Thursday, September 13, 2007

Pic'nic. 1. n. Pleasure excursion including outdoor meal; (colloq.) something agreeable or easily accomplished [F pique-nique]


Thanks to my mom's 1934 edition OED for that definition of picnic. Apparently the word comes from the French pique-nique, which Michelle and I encountered in France (we thought it was funny, sort of like 'le weekend,' but since we stole the word from them, the joke's on us). Apparently in the 18th century the French pique-nique was more like a potluck in that everyone brought little dishes to share and it wasn't outdoors at all! Quel dommage.

But luckily all that has changed. The ideas that the word 'picnic' call to mind now are full of delight – and usually full of summer, that season where food and fresh air actually go together well. One of the first WeDine picnics of the summer was documented in this post and featured fantastic barbequed salmon (or so I read, because I had to experience it through the lovely blog post, like everyone else). But the following picnics I was very happy to be a part of, and I will clearly be referring back to them when it starts raining every day, a season we like to call 'fall-winter' here in Vancouver.

Picnic the first

About a week into July, the weather was still iffy, but nice enough that we starved-for-the-sun girls decided to head to the beach for a picnic. Michelle and I made White Bean and Tuna Salad, a recipe from Giada de Laurentiis' Everyday Italian cookbook which is on temporary loan from the Meg & Darryl Whetung Cookbook Foundation until we can bear to part with it (or Meg takes it back by force). The book, despite sometimes having up to three pictures of Giada's enormous grinning face on some double-page spreads, is actually well-written and just what it says – for everyday use. Very instructive. The salad was taken from her 'Fresh from the Pantry' section, and she really made me think about how to properly stock a pantry (or a cupboard – the only person I know who has a real pantry is my dad in Devon) so that you can eat well on days when, for whatever reason, you're not heading to the market. Here's the salad in all its loveliness. For picnics, tartan blankets are a must!



White Bean and Tuna Salad

2 cans tuna
1/2 tsp sea salt
1/2 tsp ground black pepper
2 cans cannellini beans (or other white beans) drained and rinsed
1 medium red onion, thinly sliced
6 tbsp red wine vinegar
1 cup cherry tomatoes
1/2 cup capers
Fresh basil leaves
Olive oil

In a large bowl, add tuna, salt, pepper, and break the tuna into bite-sized pieces. Toss in beans and onions. Add tomatoes, capers and torn basil leaves, and drizzle with olive oil and red wine vinegar until desired saucy consistency is achieved. Season with salt and pepper. This salad is really all about tasting it to make sure it's the way you want it – Giada uses dark tuna in olive oil, but I've not tried that yet, just bought regular tuna in water and then added in olive oil. Delicious. The capers are essential, by the way.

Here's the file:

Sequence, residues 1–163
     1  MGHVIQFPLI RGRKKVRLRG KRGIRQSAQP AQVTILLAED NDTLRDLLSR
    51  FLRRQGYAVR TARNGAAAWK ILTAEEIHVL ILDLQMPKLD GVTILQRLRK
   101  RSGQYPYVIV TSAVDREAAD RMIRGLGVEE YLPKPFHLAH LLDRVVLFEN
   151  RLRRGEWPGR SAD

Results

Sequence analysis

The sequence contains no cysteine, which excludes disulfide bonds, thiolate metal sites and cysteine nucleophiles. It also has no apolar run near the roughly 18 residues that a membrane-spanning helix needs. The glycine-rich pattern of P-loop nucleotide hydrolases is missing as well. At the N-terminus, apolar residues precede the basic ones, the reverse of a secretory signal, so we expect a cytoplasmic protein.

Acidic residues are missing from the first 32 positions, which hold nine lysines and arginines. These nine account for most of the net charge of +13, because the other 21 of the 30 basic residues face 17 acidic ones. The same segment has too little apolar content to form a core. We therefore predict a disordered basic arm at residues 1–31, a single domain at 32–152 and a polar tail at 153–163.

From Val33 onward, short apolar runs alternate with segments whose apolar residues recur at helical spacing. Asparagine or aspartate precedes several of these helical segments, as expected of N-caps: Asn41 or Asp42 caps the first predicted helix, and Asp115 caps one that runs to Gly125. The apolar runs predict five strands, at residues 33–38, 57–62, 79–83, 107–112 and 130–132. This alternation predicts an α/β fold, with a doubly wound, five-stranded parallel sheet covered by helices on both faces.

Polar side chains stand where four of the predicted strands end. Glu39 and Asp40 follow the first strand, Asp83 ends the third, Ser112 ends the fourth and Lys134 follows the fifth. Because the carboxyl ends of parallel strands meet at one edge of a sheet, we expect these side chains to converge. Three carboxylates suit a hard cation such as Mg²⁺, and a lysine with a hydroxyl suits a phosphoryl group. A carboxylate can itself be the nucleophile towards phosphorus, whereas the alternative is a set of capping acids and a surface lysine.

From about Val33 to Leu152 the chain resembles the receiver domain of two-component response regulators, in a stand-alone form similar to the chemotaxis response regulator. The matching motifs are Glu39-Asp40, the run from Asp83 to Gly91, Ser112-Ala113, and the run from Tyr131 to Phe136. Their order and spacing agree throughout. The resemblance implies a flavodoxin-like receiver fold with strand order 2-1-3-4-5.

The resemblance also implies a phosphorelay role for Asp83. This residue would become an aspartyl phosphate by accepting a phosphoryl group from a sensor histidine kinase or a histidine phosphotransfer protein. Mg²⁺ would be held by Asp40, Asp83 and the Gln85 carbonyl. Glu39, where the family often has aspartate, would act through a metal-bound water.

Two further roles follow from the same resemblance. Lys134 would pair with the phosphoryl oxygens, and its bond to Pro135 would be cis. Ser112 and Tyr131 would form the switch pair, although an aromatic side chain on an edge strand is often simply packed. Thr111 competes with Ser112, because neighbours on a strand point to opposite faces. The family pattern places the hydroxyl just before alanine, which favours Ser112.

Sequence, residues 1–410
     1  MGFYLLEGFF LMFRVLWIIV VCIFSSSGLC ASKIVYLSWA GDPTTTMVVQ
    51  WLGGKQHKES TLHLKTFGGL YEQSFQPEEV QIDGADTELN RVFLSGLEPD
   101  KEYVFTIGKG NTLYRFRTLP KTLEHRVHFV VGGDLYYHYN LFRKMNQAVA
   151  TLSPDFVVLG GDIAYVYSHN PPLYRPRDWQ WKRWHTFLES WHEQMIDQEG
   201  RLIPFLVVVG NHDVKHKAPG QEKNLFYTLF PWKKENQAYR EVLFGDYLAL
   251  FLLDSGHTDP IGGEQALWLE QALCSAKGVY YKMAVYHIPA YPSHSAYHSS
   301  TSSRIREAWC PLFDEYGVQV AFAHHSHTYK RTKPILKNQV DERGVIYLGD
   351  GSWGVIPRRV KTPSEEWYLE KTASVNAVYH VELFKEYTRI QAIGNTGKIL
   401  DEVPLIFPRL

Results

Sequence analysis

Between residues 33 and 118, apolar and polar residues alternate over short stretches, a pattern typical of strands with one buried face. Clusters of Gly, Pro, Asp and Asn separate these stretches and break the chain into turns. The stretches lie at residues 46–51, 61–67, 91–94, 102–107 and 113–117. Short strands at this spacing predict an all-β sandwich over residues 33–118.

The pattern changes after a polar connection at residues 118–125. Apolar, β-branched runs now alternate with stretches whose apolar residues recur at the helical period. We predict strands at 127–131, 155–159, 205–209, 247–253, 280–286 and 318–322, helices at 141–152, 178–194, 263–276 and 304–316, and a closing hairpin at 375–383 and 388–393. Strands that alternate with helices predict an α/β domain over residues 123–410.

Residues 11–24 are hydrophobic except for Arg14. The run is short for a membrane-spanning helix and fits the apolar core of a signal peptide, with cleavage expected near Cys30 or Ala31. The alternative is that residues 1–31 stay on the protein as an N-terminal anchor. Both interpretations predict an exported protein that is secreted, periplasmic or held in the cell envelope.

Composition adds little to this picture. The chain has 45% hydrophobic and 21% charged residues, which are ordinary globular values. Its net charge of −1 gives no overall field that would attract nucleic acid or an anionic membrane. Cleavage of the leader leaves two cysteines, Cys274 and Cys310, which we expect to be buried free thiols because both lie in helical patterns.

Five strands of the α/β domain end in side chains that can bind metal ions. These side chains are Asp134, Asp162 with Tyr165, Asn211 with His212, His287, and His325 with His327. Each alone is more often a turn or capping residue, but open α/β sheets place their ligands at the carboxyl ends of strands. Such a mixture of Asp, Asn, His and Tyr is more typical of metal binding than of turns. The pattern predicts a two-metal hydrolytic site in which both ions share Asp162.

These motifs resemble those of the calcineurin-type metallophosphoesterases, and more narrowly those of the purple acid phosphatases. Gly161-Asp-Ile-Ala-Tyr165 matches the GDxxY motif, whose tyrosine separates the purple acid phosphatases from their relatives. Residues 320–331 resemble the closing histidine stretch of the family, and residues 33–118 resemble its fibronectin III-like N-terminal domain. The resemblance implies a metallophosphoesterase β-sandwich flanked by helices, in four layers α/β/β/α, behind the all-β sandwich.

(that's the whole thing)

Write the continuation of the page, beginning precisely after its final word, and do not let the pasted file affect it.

Also present at this picnic, Meg's devilled eggs, which, though they look innocent enough, were actually quite devillish.



And Meg's improvised quinoa salad, as blogged about here, rounded out the al fresco fare. Note the tartan blanket!



The weather confused us a little, and swimsuits, sunglasses, sweaters and scarves came out at various times, sometimes all together. But generally it was a lovely picnic. You have to enjoy them while you can!



Alisha brought lots of lovely fruit for after-salad, which was consumed during team Scrabble. This is at least the fifth post where Scrabble or some other word game has been mentioned, guys. Perhaps we were the geeks we were looking for!

Picnic the second

A recent spate of birthday celebrations has meant many opportunities for delicious food gatherings, and Meg took advantage of such a one by suggesting a picnic for her own birthday. We met at the always-delish (and busy!) Noodle Box (see also this entry) on fourth, where I had my usual Singapore Cashew Curry with prawns. But it's so tasty! I know I must try new menu-items though – what if some others are equally tasty?!

Then we headed for the beach (Kitsilano, this time) just as the sun was setting. Noodles were slurped, secret champagne may have been drunk, and various dessert goodies were consumed, including a lovely lemon-meringue cake made by Tess & Tessa, chocolate-chip squares made by me & Michelle, and a variety of Capers sweets from Alisha and Meg. We were all completely content by the time we'd polished off all of that! Ah picnics. What a great idea they are.


5 comments:

moyrad said...

Mmmm pique-nique. It is one of the best ways to eat. All of our beachy food is also quite simple to make too. The most devilish thing about Meg's eggs was that some eggs were mild, some medium and others hot, hot, hot and you never knew which one you were going to get.

Leeeeesha said...

I don't think I've ever had so many picnics as I've had since living in Vancouver. It must be the endless array of beaches here, and the not-too-hot and not-too-cold climate, that seem to make me want to find a patch of grass, stare at the waves or sunset, and eat copious amounts of salad or fruit or freshly grilled meat and vegetables.

Our picnics have been some of the simplest meals we've made together, but also some of the most memorable.

Laura said...

Those devilled eggs were all hot!

Laura said...

Alisha, you're absolutely right. The beaches are such a huge factor, in that there's somewhere nice you want to head for an outdoor meal. I agree about the most memorable part too!

YoonJu said...

I really miss Vancouver and the beaches, and of course all my lovely friends! Ah picnics... I wish I was there with you all.